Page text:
I was also in a condo last week where the seller had a copy of Mein Kampf, which isn’t that bad on its own, but also had about six other books on the Nazi party and bit of paraphanelia, which gave my client and I the creeps.
On a lighter note, I was in a condo last week where the seller had left her Louis Vuitton bag out on the couch. Pretty chic, right? It gave off the vibe of “classy, elegant, successful, and fashionable lady living in the big city.”
Except that my client was an expert in all things Louis, and she identified one flaw with this:
Notice the stitching on the leather? it’s poorly done and it’s coming unravelled.
My client identified this bag as an obvious FAKE, and she immediatly dove into the seller’s shoe collection to see if there were any faux Manolo Blahniks.
Now it didn’t matter how nice the condo was – it only mattered that the woman who lived here was a wanna-be who couldn’t afford the very luxuries that my client experienced on a daily basis. To buy this condo would be a step down.
I know this entire blog post might seem far-fetched to some of you, but it’s all true.
Because it’s not just the house or condo that is for sale but rather the entire lifestyle that comes with it. Is it unreasonable to assume that a vacant condo would sell for less money than one which feels homey? No, it’s not. It’s a proven fact that is demonstrated in our market every single day.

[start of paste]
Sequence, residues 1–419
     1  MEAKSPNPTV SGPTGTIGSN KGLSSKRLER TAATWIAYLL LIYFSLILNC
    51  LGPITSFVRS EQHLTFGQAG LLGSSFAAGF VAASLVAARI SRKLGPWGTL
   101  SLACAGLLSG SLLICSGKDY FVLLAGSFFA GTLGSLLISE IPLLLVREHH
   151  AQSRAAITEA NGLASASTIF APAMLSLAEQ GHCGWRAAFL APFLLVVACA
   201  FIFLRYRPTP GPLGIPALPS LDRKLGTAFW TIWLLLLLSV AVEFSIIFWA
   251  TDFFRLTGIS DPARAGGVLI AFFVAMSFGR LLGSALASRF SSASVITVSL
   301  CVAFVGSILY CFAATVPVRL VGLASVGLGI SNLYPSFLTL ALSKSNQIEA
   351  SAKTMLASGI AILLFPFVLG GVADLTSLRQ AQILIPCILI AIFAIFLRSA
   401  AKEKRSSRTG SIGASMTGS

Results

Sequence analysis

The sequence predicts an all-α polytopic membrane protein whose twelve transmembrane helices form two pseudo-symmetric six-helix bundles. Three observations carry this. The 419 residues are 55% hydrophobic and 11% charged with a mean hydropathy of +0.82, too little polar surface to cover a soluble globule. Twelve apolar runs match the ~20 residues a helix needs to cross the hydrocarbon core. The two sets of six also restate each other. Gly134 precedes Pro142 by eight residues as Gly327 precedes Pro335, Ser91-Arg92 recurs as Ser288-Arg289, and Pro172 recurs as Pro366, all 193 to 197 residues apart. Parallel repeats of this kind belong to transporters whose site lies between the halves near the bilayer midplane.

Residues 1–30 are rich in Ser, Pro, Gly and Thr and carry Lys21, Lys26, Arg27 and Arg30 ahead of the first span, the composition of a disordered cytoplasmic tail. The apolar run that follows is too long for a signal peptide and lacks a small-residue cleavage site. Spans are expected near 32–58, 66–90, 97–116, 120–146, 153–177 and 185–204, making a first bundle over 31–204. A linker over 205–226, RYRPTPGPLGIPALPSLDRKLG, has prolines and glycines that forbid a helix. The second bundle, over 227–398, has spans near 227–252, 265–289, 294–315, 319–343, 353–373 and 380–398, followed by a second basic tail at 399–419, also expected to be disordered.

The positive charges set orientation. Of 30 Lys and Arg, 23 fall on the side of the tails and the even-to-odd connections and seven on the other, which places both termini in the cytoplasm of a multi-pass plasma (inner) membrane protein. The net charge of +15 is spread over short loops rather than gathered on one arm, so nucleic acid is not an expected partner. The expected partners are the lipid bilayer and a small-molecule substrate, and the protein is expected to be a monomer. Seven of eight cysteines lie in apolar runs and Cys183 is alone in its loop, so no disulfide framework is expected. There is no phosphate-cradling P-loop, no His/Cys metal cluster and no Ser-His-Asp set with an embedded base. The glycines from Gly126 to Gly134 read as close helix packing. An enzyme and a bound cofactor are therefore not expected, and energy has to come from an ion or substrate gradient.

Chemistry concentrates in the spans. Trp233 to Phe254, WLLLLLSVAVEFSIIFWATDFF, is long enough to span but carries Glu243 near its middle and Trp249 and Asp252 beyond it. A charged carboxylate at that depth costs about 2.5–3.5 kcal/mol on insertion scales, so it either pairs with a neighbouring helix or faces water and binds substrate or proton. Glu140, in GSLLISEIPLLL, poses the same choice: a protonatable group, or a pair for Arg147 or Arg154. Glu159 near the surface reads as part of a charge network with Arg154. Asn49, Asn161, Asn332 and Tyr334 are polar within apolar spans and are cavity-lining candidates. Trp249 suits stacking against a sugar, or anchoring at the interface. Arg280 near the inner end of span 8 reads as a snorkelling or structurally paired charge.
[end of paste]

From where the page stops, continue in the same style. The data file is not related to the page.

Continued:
So take that one step further and consider that buyers are looking at themselves when they buy a property, and they’re thinking about every aspect of their lives and how it will change for the better or worse if they purchase that property.
I told my clients on Noble Street last month to get rid of their DVD collection.
“Who the hell has United Flight 93 on DVD?” I asked.
My seller told me that her friend works for a DVD distribution company and they get tons and tons of free videos.
“That’s fine,” I said, “But buyers are going to wonder why you have American Psycho II: All American Girlwith Mila Kunis in your home video collection.”
Do you think I’m kidding? Buyers will look at your DVD’s! I told my sister, who has every box-set of Friends and Ally McBeal as well as a dozen movies like “Fever Pitch” that she’s going to turn away the male buyer pool once they see her collection.
I actually asked aloud last week how anybody could buy a CD of “Big Wreck” after they had one hit song in 1997. This person also had “Big Shiny Tunes,” which I thought was only advertised for and never actually sold…
I was in a condo where the guy had eighteen different bottles of cologne on display in his bathroom? My client said, “Ew, the guy that lives here is serious Euro-trash,” and walked out.
If you think that a buyer isn’t going to look at all of your personal affects, then think back to when YOU were buying a house or condo and ask yourself if you ever took a peek into one of their drawers…
I once had a buyer physically climb into the seller’s bed. But that’s another story…